Wednesday, 6 January 2016


Happy new year, readers! Now that the long dirgey coda of 2015 is finally over (I thought it would never leave...) and the winter solstice sees the beginning of lighter, longer, warmer, less penury-inclined days ahead we can finally look forward to what 2016 holds in store. And one thing it does hold in store is lots of lots of Horror (and, probably, horror too – but that's a different matter).

March this year sees the UK release of 'The Witch', another not-particularly-successful attempt to bring the much contrived tropes of witchcraft to the big screen. The key ingredients of dark, primitive forests, puritanical superstitious townsfolk and pagan evil are present and correct. Such stuff is surely trope-on-a-rope these days. Only recently Vin Diesel heroically flopped in the abysmal 'The Last Witch Hunter' which was the latest exploration of the corresponding witchcraft-related trope – that of the ruthless witchhunter, witchfinder or similar emissary of righteous justice. Movies and other cultural portrayals of these confrontations are plentiful. But what, exactly, is this stuff all about?

In order to edit the lengthy exposition which starts this discussion it is first necessary to get out of the way what witches really were – namely, the predominantly female cultural leaders of village ceremony and healing that was prevalent in pagan societies before attempts were made by Christian authorities to violently suppress them. The notion of witches as hideous crones linked to Satan and evil was a cultural creation used to justify what amounted to a widespread genocide of female power and alternative spirituality, and it has since become embedded in popular culture.

So, moving swiftly on from that...what is the witch/witch-hunter dynamic really about? Well, we must first look at what the witch represents in these stories. The witch is almost always portrayed as female, despite it being a unisex position (much in the same way that a nurse is portrayed); she also has a link to the 'wild', often found living in the forest, controlling the elements or literally riding the wind – a literal 'force of nature'. Her skills are arcane, occult and pre-Christian, and her power is portrayed as primitive and fundamentally sexual: much talk of 'spells' and 'enchantment', either literally cast or metaphorically cast as sexual attraction. In short, all sorts of casual misogyny abounds with various allusions to 'original sin', Lilith, women's innate corruptibility and ability to corrupt, and so on.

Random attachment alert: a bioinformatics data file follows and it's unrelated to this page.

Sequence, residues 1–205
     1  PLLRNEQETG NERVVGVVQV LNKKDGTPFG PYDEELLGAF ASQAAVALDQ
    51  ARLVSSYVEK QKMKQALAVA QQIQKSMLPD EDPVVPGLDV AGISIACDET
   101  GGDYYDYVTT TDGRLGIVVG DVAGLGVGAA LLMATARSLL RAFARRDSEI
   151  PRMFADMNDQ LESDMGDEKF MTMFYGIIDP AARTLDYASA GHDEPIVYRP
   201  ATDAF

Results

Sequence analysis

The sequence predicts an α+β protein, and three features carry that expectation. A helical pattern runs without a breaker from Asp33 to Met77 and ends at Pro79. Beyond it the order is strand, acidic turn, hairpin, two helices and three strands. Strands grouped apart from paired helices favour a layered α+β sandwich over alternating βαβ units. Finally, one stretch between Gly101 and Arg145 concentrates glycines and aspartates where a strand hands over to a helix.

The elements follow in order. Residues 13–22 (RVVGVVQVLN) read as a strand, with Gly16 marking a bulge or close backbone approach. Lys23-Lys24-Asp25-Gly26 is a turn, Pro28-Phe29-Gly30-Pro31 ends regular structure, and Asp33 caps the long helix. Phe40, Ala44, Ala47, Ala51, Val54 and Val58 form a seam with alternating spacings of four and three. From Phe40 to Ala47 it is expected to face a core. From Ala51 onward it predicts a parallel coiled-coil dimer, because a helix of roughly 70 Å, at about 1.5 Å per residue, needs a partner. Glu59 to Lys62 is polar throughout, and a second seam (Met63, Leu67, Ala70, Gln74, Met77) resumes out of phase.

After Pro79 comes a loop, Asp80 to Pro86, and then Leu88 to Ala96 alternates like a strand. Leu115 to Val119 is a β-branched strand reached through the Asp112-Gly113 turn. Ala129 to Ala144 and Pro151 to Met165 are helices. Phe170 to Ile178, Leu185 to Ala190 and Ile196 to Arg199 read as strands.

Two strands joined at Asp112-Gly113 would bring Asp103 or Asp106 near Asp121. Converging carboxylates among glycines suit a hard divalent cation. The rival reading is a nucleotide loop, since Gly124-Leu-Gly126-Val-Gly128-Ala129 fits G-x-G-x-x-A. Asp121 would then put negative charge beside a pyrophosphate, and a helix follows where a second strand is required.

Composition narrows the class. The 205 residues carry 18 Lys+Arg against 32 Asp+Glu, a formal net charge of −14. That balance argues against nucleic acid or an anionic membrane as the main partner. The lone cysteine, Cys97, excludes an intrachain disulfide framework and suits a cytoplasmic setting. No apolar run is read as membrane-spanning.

The witch hunter predictably plays a more blunt role in this paradigm. Universally portrayed as a man ('Hansel & Gretel: Witch Hunters' doesn't count), the witch hunter is charged with a dour moralism, a pious sense of certainty and incorruptible integrity. A man of god, brave enough to be so over-the-top ruthless and determined that he is impervious to any charms (physical, spiritual or otherwise) that the witch may use against him. He is also uniquely violent, allowed as he is to accuse and torture without any objective proof of guilt and armed with the judgement of God he is particularly cruel.

The contrast here is very straightforward: one between a heathen, anarchic, pagan femininity and a phallocentric, masculine, centralising authority. The interrogations that the witchfinder undertakes are a sadistic attempt to break the spiritual, sexual and political independence of the woman - and furthermore this is something he appears to take great pleasure in doing. It is a Freudian power dynamic come to life as much as it is a glib demonstration of a gender essentialism viewpoint.

But why does it have to be so? Why can't the witch hunter and the witch come to a better way of settling their disputes? Does the basis of such tales always have to remain this way? It is tempting to ask how the dynamic would change if the witch hunter was female, or how the tale would play out if the witch hunter was more fallible and the witch less so – maybe they would fall in love and form a more equal partnership, one based on recognised uniqueness and mutually respected difference?

Of course, don't expect much of that at the Cineplex; but still, it's worth considering the next time you consume this particular piece of cultural candy.

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